Sir Philip Sidney

(1554 - 1586 / Kent / England)

Astrophel And Stella: Xxiii - Poem by Sir Philip Sidney

The curious wits, seeing dull pensiveness
Bewray itself in my long-settl'd eyes,
Whence those same fumes of melancholy rise,
With idle pains and missing aim do guess.
Some, that know how my spring I did address,
Deem that my Muse some fruit of knowledge plies;
Others, because the prince my service tries,
Think that I think state errors to redress;
But harder judges judge ambition's rage--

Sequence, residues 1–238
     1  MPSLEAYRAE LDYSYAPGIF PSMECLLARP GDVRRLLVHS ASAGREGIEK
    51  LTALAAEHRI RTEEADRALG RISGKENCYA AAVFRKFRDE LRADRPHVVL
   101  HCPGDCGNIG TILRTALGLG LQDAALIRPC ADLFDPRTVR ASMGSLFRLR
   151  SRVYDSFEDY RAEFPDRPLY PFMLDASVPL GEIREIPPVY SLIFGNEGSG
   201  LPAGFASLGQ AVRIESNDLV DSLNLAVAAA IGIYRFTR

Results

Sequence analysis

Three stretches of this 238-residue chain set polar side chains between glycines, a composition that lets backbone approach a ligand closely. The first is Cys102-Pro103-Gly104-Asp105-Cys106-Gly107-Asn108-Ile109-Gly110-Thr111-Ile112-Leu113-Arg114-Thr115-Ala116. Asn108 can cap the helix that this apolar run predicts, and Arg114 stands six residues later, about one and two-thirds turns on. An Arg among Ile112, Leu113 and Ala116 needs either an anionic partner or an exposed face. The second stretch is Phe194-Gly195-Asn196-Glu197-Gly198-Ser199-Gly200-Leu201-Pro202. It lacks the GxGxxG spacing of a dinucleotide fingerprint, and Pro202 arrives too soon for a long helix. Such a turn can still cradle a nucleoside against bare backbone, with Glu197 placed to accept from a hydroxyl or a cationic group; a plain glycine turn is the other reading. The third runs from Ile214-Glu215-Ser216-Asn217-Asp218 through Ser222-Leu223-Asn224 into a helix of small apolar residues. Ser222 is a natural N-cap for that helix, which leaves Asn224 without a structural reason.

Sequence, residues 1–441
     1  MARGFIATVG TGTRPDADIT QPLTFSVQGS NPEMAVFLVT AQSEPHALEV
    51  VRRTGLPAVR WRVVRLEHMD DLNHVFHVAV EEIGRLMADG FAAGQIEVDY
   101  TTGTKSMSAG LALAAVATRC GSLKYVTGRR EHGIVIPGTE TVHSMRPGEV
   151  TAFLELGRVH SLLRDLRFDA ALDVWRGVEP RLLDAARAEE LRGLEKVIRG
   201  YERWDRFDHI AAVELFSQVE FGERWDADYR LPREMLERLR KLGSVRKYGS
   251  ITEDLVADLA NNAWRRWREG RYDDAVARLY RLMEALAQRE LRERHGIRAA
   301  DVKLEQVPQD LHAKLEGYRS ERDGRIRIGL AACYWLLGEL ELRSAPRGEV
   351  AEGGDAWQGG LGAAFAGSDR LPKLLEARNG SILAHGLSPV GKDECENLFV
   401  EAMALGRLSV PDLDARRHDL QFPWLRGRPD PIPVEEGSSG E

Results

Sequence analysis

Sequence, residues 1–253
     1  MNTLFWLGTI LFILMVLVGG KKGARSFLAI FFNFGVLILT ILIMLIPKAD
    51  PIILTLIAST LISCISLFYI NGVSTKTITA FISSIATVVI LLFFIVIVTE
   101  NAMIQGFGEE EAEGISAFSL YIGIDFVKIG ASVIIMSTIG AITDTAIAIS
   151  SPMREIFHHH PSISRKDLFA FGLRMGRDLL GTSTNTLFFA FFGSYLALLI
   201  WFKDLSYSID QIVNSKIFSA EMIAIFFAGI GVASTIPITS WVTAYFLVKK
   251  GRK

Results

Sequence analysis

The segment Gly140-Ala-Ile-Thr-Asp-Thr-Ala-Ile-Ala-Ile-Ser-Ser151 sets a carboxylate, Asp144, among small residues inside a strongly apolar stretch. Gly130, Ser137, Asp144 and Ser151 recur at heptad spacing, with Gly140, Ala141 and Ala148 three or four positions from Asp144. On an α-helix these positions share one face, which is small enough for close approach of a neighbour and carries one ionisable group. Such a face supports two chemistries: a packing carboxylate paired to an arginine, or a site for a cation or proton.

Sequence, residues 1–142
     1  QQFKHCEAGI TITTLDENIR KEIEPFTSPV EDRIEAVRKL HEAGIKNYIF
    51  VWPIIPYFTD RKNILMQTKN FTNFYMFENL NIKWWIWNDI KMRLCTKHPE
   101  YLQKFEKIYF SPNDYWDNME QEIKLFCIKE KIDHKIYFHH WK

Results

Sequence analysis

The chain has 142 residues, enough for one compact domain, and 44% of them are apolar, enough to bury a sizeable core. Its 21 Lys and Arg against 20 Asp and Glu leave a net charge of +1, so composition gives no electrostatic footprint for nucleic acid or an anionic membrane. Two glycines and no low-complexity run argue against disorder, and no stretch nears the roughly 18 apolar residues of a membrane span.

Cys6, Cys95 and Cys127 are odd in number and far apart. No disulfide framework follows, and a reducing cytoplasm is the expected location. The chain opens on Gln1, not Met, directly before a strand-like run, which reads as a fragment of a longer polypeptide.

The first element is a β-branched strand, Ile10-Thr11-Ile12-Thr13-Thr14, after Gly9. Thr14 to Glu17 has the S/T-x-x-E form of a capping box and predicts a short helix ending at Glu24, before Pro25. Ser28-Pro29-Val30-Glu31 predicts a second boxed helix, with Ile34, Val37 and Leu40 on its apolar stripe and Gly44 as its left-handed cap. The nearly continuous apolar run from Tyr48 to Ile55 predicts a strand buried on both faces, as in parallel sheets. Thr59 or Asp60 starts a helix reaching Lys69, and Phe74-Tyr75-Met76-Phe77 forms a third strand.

Scourge of itself, still climbing slipp'ry place--
Holds my young brain captiv'd in golden cage.
O fool or over-wise! alas, the race
Of all my thoughts hath neither stop nor start
But only Stella's eyes and Stella's heart.


Comments about Astrophel And Stella: Xxiii by Sir Philip Sidney

There is no comment submitted by members..



Read this poem in other languages

This poem has not been translated into any other language yet.

I would like to translate this poem »

word flags

What do you think this poem is about?

Read poems about / on: spring, heart, rose



Poem Submitted: Thursday, January 1, 2004



[Hata Bildir]